What does this mean exactly? Every Mac motherboard has a System Management Controller that controls the computer’s basic functions such as Wi-Fi, power management, and hardware connections. The PRAM (Parameter Random Access Memory) contains crucial settings like volume, keyboard lighting, and performance information.
If your Mac is running slow, try resetting the SMC and PRAM to fix it.
These steps only work on MacBooks with non-removable batteries, such as the 2016-2019 MacBook Pro Retina models with the Touch Bar. To reset the SMC, turn off your MacBook. Then, hold down the Shift + Control + Option keys. Keep holding these keys, then press and hold the power button. Hold all the keys for 10 seconds, then release them and power on your Mac normally.
This works on MacBooks that still have a removable battery. Shut down your MacBook, unplug the power cord, and remove its battery. Next, hold down the power button for 5 seconds, then put the battery back in and plug your MacBook in. This should help make your MacBook faster when it’s running slow.
This is the easiest way to speed up your iMac, Mac mini, and Mac Pro. Turn off your Mac completely and unplug the power cord. Wait at least 20 seconds, then plug it back in. Voilá! SMC reset achieved.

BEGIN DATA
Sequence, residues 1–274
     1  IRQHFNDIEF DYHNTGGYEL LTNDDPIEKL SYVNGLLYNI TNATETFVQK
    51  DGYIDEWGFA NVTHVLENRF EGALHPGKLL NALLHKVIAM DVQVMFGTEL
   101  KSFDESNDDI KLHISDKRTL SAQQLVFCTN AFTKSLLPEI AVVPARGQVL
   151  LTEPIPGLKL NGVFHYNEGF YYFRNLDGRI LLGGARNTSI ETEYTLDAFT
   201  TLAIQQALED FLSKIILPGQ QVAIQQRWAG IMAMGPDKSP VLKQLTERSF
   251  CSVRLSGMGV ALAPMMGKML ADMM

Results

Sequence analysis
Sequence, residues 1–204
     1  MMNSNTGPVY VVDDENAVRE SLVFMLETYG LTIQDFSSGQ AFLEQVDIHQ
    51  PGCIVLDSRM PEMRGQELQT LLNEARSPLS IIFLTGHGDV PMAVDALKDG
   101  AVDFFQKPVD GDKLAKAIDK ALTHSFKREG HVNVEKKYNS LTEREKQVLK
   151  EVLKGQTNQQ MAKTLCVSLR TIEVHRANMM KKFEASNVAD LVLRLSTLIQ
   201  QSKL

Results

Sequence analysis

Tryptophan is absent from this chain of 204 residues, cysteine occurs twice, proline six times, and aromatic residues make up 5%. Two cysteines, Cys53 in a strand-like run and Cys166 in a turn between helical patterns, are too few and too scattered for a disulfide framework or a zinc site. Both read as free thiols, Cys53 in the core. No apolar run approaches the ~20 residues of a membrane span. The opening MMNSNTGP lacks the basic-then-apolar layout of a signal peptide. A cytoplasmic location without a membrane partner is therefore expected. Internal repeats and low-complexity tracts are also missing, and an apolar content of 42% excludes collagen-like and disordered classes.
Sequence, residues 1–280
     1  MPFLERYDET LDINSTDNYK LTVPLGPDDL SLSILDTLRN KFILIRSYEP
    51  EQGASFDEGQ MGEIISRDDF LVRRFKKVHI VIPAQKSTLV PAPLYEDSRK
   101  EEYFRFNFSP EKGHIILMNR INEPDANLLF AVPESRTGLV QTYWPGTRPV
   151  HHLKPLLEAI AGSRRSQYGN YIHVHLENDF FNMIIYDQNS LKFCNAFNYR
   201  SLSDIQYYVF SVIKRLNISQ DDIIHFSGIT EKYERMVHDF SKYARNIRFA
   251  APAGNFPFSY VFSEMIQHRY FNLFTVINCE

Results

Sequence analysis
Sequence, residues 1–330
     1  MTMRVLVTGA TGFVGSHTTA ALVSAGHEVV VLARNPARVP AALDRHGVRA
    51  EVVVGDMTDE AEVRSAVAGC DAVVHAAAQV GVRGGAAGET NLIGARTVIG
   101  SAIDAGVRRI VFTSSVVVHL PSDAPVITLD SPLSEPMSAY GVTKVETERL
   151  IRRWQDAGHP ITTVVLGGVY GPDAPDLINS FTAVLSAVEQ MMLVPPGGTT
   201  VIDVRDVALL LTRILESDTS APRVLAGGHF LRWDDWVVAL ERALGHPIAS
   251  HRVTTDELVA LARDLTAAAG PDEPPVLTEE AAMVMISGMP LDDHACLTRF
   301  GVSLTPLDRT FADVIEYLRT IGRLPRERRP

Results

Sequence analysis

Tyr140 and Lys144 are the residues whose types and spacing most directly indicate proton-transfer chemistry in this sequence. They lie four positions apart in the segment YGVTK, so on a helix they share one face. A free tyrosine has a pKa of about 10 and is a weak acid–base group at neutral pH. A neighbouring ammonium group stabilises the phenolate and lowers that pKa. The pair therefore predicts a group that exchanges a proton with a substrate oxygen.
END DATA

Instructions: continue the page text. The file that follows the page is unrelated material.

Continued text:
To reset the PRAM, you need to shut down your Mac. After pressing the power button, hold down Command + Option + P. Hold the buttons down until your Mac reboots, then release the buttons. This should fix many of the causes of a slow Mac, improve performance problems, and make your Mac run faster.
Cached files are intended to improve Mac performance by making data more readily accessible. But if your browser, system, and app caches are left to accumulate over time, your Mac gets clogged up with junk files that take up valuable storage space and slow you down. Regularly clearing your Mac cache to prevent a build-up of junk will speed up your Mac and help keep it running smoothly.
Although it’s possible to clear caches manually, it’s not advisable to go poking around in your app and system caches unless you know what you’re doing. The best way to delete unnecessary files without wiping any important data is to use a dedicated optimization app like Avast Cleanup for Mac, which will automatically keep your machine fine-tuned.